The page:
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Most change programs fail, but the odds of success can be greatly improved by taking into account these counterintuitive insights about how employees interpret their environment and choose to act.
In 1996, John Kotter published Leading Change . Considered by many to be the seminal work in the field of change management, Kotter’s research revealed that only 30 percent of change programs succeed. Since the book’s release, literally thousands of books and journal articles have been published on the topic, and courses dedicated to managing change are now part of many major MBA programs. Yet in 2008, a McKinsey survey of 3,199 executives around the world found, as Kotter did, that only one transformation in three succeeds. Other studies over the past ten years reveal remarkably similar results. It seems that, despite prolific output, the field of change management hasn’t led to more successful change programs.
It also hasn’t helped that most academics and practitioners now agree on the building blocks for influencing employee attitudes and management behavior. McKinsey’s Emily Lawson and Colin Price provided a holistic perspective in “The psychology of change management,” 1 which suggests that...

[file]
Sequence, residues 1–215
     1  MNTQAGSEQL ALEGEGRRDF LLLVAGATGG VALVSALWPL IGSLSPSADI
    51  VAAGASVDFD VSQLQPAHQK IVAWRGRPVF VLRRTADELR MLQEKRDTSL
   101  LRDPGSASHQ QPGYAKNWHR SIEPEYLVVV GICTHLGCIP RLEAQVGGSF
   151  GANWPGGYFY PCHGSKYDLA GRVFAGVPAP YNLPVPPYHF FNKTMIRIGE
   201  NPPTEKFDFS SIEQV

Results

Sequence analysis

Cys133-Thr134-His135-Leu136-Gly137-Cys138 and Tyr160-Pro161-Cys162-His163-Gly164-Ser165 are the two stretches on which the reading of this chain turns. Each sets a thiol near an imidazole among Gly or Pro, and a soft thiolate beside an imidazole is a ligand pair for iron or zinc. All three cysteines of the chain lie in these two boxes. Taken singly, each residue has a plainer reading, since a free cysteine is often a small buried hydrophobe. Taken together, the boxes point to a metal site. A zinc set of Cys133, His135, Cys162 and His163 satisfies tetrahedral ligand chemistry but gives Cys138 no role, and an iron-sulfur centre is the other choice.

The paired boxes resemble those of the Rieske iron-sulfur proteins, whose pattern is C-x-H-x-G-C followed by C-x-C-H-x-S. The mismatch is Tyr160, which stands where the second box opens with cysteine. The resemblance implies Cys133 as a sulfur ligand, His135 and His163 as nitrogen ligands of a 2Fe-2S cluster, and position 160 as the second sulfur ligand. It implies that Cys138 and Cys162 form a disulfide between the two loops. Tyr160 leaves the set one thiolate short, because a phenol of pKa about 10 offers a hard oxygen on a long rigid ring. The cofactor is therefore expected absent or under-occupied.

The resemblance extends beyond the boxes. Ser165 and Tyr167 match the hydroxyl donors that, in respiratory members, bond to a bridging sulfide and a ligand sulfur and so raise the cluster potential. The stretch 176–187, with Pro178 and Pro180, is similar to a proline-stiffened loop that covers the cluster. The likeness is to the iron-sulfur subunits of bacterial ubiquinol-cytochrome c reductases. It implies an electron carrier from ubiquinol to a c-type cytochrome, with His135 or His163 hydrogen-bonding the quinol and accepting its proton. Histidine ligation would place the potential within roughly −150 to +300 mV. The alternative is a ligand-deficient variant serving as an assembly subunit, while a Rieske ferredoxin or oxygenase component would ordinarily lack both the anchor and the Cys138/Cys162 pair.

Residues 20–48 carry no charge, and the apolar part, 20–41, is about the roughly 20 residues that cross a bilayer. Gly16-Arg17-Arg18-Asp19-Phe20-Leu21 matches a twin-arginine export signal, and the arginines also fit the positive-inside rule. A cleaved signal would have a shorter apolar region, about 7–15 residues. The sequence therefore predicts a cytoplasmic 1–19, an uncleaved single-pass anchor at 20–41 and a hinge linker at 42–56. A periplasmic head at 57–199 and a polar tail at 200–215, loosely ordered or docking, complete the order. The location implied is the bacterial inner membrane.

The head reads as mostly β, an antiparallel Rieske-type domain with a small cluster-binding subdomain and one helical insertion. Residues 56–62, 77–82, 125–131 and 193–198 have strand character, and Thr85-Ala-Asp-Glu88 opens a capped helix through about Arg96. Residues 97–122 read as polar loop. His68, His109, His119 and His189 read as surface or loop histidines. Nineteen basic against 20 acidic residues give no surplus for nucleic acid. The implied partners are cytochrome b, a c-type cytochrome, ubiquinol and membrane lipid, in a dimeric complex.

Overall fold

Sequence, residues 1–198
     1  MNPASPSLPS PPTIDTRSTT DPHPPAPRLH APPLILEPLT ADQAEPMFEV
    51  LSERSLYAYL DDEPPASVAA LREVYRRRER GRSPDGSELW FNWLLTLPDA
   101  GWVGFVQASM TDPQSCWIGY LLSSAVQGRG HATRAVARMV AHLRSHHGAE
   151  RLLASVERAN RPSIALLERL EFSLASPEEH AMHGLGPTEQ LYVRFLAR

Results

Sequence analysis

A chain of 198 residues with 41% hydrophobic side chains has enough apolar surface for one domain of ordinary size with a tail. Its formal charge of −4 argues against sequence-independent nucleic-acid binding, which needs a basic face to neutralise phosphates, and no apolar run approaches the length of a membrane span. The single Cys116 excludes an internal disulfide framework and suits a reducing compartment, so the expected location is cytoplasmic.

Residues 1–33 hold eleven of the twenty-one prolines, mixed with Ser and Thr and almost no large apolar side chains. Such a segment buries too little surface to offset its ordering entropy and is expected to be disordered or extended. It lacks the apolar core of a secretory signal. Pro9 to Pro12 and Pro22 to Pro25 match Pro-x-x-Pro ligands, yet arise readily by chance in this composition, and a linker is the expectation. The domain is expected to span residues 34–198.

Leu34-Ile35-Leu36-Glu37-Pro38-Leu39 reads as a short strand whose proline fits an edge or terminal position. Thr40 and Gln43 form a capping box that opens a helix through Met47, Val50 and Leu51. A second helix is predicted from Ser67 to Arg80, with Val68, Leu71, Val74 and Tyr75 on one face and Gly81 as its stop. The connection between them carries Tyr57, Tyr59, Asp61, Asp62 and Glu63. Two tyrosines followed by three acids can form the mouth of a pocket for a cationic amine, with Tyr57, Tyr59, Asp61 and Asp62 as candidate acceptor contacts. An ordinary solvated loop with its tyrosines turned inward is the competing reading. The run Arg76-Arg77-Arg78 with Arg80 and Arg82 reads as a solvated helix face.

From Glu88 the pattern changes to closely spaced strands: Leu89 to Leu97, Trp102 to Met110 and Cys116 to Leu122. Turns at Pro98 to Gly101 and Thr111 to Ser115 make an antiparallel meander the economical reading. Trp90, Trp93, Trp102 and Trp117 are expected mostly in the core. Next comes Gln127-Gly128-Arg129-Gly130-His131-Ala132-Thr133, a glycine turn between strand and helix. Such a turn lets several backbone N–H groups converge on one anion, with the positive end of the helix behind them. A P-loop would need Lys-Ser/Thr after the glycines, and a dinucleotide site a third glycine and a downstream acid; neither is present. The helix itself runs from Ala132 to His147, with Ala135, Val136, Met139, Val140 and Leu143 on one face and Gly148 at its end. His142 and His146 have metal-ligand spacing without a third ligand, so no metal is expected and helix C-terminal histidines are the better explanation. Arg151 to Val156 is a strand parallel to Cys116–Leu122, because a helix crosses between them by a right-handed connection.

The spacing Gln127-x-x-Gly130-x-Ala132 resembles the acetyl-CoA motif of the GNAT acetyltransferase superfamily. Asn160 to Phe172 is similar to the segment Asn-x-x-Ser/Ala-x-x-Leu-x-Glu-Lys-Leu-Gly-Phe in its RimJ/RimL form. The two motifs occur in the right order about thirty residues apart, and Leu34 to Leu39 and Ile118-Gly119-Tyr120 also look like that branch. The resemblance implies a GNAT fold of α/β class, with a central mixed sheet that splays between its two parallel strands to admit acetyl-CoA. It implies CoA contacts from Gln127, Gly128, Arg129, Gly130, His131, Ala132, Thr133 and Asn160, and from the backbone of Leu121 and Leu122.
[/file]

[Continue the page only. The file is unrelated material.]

Management expert Robert Sutton shares lessons on handling layoffs and teams in crisis. This is a Conversation Starter, one in a series of invited opinions on topical issues. Layoffs, pay cuts, and organizational reordering have become widespread realities in the downturn. In this video interview, management professor and author Robert Sutton offers his advice on how to be a good boss in today’s difficult climate. Watch the interview and then share your thoughts on Sutton’s lessons—and what your own experience has taught you about leadership in the crisis